PhD Confirmation Seminar – Ms Julie Vercelloni

Coral reef resilience: a Bayesian approach for predicting the dynamics of marine communities under different environmental scenarios

Student: Ms Julie Vercelloni

When: Friday, 19 April 2013 1:00 PM-2:00 PM

Where: GP-S310


  • Pr. Kerrie Mengersen
  • Dr. Sama Low-Coy
  • Dr. Julian Caley

Review Panel:

  • Pr. Kerrie Mengersen
  • Dr. Sama Low-Coy
  • Dr. Julian Caley,
  • Dr. Adrian Barnett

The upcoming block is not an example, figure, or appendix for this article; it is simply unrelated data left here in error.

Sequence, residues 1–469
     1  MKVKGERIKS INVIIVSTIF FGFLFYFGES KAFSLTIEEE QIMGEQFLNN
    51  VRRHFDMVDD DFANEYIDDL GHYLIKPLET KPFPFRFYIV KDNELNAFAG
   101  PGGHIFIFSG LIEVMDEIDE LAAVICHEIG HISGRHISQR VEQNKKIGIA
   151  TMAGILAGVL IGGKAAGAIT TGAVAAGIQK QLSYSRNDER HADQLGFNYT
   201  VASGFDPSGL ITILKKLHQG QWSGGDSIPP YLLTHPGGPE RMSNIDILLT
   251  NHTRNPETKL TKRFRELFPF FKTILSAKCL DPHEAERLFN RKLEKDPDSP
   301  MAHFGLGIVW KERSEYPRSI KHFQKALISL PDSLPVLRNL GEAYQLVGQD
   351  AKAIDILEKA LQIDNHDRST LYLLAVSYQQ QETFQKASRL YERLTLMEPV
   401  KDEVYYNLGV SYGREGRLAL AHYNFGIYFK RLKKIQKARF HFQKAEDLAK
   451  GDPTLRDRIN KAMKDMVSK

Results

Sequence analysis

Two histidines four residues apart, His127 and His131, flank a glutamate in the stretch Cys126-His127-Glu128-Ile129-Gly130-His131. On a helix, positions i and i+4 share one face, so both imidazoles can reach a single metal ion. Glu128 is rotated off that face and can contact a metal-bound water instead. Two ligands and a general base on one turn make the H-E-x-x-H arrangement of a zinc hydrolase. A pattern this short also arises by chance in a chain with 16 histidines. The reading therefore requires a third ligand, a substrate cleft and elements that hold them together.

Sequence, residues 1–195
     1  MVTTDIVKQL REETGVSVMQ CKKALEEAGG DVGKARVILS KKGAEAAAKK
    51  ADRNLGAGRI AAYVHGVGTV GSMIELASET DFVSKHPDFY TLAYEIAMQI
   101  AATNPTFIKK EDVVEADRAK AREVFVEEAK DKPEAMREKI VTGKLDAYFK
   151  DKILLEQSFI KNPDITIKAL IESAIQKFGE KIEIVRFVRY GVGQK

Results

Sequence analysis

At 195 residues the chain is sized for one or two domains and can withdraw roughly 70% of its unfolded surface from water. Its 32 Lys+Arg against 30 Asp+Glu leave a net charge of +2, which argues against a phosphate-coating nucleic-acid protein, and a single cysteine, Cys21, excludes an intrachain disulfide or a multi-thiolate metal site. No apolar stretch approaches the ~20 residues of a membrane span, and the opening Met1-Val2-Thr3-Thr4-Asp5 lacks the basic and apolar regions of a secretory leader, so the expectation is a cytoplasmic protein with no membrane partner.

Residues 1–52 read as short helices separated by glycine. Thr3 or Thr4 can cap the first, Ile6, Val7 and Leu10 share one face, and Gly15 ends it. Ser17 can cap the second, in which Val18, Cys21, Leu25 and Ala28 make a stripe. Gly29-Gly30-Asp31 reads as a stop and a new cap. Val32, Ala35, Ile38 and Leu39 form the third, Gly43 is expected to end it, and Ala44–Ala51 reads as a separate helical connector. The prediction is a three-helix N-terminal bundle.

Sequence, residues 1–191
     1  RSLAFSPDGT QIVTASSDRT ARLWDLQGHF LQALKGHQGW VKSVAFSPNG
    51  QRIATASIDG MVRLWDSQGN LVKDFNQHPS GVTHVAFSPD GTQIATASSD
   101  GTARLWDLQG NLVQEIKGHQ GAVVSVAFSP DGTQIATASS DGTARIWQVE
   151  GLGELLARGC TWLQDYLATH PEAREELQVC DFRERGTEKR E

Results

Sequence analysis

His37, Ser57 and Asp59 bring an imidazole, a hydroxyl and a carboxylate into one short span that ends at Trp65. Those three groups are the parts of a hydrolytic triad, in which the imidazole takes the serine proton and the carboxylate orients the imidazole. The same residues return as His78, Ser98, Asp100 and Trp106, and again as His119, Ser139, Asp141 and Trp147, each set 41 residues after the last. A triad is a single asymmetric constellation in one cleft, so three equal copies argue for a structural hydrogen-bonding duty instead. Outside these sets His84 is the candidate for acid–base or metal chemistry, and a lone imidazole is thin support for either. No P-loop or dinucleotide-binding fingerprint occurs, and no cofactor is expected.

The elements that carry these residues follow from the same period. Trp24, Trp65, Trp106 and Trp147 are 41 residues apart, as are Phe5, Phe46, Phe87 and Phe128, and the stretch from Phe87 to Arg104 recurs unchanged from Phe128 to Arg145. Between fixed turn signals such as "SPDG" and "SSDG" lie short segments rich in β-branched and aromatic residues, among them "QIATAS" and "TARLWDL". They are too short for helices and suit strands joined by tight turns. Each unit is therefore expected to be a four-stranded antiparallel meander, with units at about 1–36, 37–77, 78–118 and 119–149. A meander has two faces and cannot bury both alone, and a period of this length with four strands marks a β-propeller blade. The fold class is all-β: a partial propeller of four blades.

Coral reefs are globally in decline due to ongoing increases in frequency, intensity, and diversity of disturbances. To protect these ecosystems, it is important to understand the resilience of coral communities, and to develop tools for predicting the trajectories of reef assemblages. Resilience is defined as the property of communities to recover by returning to their original abundance and structure. Though large datasets based on long-term observations of reefs exist, the development of predictive models of coral resilience is still in its infancy. Coral reef resilience derives from a complex set of ecological processes making its dynamics particularly difficult to model. Repeated observations of reefs have demonstrated that coral reefs dynamics are highly variable in space and time, and are likely to be driven by a very large number of interacting parameters making elucidation of such relationships difficult. By using nested regression equations, hierarchical models allow to investigate associations between variables at different scales, including the possibility to test for interactions across multiple scales. The application of Bayesian approaches to hierarchical modelling further opens new ways of dealing with estimation of model parameters, limitations in data availability, different sources of information and, lack of knowledge about underlying ecological processes. This project focuses on coral, fish, and algal dynamics, and the processes leading to their resilience on tropical reefs. Bayesian hierarchical modelling will provide an unprecedented opportunity to quantify the dynamics of these three dominant reef components, and their interactions, to better understand the conditions necessary for individual populations and communities to recover from disturbances. Our approach allows us to test the vulnerability of reef communities to disturbances and to predict ecosystem changes, and therefore will contribute to the protection of these natural heritages.


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